This paper proposes selective deposition of electrospun alginate-based nanofibers through a charged shadow mask to form an array of nonwoven microspots on cell-repelling hydrogel surfaces; subsequently, the target cells are seeded onto these nanofiber-based extracellular matrix (ECM) scaffolds to create cell-based microarrays. The needle tip contains a drop of a blended solution of alginate and polyethylene oxide (PEO); an Al-coated glass shadow mask with micron-sized holes was used for selective deposition to form the patterned microspots of nonwoven mats. The shadow mask was applied with a suitable voltage to repel the nanofibers from its surface, while simultaneously forcing them into the micron-sized holes and onto the cell-repelling hydrogel surface. The electric-field distribution of the electrostatic focusing through the charged shadow masks was numerically simulated and characterized. The experimental results show that when the shadow mask is applied with a higher voltage, a larger dense central spot will be produced within the hole; in addition, the diameter is significantly reduced but the degree of diameter uniformity among the electrospun nanofibers improves. An array of 3 × 3 nonwoven microspots was successfully demonstrated to selectively deposit alginate-based nanofibers for cell patterning. BHK-21 fibroblast cells were shown to selectively adhere onto the nonwoven microspot surfaces due to the existence of the cell-repelling hydrogel around the microspots. The presented technique is simple and does not require complex surface modifications to selectively seed the target cells onto these micron-sized nanofiber-based ECM scaffolds for potential applications in cell biology and tissue engineering.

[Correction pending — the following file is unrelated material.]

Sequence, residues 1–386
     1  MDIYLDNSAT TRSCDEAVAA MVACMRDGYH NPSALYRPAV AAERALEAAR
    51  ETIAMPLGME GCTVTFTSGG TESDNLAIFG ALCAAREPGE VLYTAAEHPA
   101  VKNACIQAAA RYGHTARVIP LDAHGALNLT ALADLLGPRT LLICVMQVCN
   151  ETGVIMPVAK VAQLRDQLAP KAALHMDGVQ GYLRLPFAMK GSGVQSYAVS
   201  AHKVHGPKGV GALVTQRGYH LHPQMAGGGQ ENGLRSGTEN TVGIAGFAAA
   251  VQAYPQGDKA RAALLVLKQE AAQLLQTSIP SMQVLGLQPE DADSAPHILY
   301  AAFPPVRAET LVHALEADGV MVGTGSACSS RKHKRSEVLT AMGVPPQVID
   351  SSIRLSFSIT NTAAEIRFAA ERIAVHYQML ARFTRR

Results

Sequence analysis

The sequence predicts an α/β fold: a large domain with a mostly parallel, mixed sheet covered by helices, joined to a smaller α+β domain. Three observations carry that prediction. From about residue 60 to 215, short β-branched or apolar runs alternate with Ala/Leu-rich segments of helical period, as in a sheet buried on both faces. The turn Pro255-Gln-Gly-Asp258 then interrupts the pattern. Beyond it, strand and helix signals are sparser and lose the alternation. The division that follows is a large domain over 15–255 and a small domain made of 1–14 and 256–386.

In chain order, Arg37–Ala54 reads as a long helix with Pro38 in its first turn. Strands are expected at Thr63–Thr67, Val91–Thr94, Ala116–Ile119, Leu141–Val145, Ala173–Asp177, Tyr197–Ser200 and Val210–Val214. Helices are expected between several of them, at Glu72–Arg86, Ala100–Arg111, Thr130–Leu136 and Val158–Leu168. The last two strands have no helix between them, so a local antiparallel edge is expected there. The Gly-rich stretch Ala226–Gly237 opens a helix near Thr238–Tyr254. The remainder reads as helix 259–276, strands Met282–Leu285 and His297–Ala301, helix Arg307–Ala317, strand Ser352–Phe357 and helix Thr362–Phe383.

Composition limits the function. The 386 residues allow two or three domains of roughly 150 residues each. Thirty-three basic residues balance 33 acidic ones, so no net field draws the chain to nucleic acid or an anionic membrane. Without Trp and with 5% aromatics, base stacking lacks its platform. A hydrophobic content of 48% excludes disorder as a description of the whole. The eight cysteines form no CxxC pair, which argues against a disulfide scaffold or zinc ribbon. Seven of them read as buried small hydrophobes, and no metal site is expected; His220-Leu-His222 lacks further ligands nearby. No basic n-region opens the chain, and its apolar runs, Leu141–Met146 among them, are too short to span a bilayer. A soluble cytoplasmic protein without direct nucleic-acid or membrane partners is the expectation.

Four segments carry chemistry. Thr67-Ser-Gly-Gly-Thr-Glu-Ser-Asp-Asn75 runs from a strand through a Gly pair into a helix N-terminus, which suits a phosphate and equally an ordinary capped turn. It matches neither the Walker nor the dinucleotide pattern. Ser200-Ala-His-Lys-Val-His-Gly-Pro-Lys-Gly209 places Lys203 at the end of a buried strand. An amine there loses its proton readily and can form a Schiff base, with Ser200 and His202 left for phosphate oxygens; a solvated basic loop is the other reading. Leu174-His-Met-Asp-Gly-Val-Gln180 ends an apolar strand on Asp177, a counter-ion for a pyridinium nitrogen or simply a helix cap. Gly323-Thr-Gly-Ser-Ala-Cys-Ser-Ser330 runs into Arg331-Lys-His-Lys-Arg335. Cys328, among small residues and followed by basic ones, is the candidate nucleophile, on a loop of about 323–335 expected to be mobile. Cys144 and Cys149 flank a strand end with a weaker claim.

Keywords: Electrospinning, electrostatic focusing, nanofiber, cell patterning, nonwoven microspots, shadow mask, cell-repelling
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